Collin Sexton needs to shoot more from three to be a long-term option for the Utah Jazz

Collin Sexton, Utah Jazz (Photo by Alex Goodlett/Getty Images)
Collin Sexton, Utah Jazz (Photo by Alex Goodlett/Getty Images) /

The only thing holding Collin Sexton back is his three-point shooting.

Collin Sexton is poised to have a big year in 2023 with the Utah Jazz. The team is likely to compete for a playoff spot, and regardless of that, they are likely to trade away some older players like Jordan Clarkson. If they end up doing that, they’ll likely find themselves in a situation where Sexton will get a lot more action on the court than expected.

This would be a great thing for Sexton, who over the last two years has battled injuries to get back on the court full-time. He played in just 48 games last, starting 15, and playing just a tad under 24 minutes per game. It was his lowest minutes per game of his career, the lowest number of starts in a season by any measure, and the second-fewest games he’s played in a season since being drafted.

Despite that, he still scored very well. A lifetime.458 scorer in Cleveland, Sexon would go on to average nearly 51% from the floor with the Jazz, an absurd number. While he shot the fewest number of attempts per game in his career (an average of 16.3 attempts down to 9.8 attempts), he still scored 14.3 points for 2022-2023.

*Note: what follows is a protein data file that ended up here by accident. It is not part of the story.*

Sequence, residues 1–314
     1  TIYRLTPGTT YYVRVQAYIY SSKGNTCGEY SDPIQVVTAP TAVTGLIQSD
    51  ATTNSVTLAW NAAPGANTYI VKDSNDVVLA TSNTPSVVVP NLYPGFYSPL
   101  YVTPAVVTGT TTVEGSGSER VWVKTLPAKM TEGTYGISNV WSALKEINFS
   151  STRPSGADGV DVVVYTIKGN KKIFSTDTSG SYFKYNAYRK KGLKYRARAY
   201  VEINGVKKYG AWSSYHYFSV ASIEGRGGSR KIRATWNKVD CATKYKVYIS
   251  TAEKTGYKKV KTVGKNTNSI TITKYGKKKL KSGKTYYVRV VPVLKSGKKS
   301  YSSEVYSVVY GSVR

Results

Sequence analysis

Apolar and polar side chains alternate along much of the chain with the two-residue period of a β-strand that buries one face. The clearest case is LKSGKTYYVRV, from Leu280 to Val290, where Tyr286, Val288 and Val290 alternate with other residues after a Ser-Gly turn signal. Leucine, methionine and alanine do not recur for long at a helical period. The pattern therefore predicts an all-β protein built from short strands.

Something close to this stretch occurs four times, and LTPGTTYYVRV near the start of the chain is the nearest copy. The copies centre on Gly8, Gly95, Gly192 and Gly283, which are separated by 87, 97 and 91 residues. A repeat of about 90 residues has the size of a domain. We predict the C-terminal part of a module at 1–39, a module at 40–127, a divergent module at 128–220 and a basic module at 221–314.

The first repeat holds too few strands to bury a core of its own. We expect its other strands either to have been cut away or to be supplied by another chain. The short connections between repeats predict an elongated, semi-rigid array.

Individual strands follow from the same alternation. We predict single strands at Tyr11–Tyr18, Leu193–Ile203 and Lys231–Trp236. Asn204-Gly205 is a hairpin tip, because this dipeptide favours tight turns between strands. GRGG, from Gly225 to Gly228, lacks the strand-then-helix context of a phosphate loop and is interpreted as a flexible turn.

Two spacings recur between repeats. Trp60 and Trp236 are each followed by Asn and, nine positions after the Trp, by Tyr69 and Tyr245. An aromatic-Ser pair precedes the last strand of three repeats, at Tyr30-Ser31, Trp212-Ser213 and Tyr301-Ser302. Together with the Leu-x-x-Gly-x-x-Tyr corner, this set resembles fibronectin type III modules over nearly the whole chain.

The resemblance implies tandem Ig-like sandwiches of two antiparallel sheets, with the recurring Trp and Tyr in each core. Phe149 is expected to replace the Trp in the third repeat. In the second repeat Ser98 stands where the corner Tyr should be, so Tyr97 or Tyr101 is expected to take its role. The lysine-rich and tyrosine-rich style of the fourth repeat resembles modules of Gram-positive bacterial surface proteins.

And that’s while barely shooting threes at all. He only took 2.5 three-point attempts per game, hitting one per game. And while everything else that he dealt with in his first season with the Jazz came down to his injury recovery and a loaded roster, the lack of three-point shooting is nothing new.

He’s not a great three-point shooter, and while he’s had some good averages in the past, they’re more due to the lack of shots taken, as opposed to a real skill. He only averaged 3.9 attempts per game in Cleveland, hitting just 1.4.

In Utah, he shot 2.5 per game and hit just 1.0. So very similar numbers. We know he can score from inside the paint and around the basket as a whole, but he’s got to prove he can pull up from behind the line and have faith in his shot.

There’s reason to believe that’s the only reason the Jazz haven’t traded Jordan Clarkson yet, as Sexton is a younger, cheaper option who can play a near one-to-one style as Clarkson but even more efficiently (at least from inside the arc).

Yet Clarkson jacks up seven shots per game from three, granted on bad efficiency (33.4% while in Utah), so if Sexton could increase his volume of threes taken, and keep the same rate of efficiency of making them (nearly 40%), then he Jazz could look to trade Clarkson and get something back for the aging guard.

But if Sexton can’t find a way to be a better perimeter shooter, then it’s likely he’ll be the one traded at some point.

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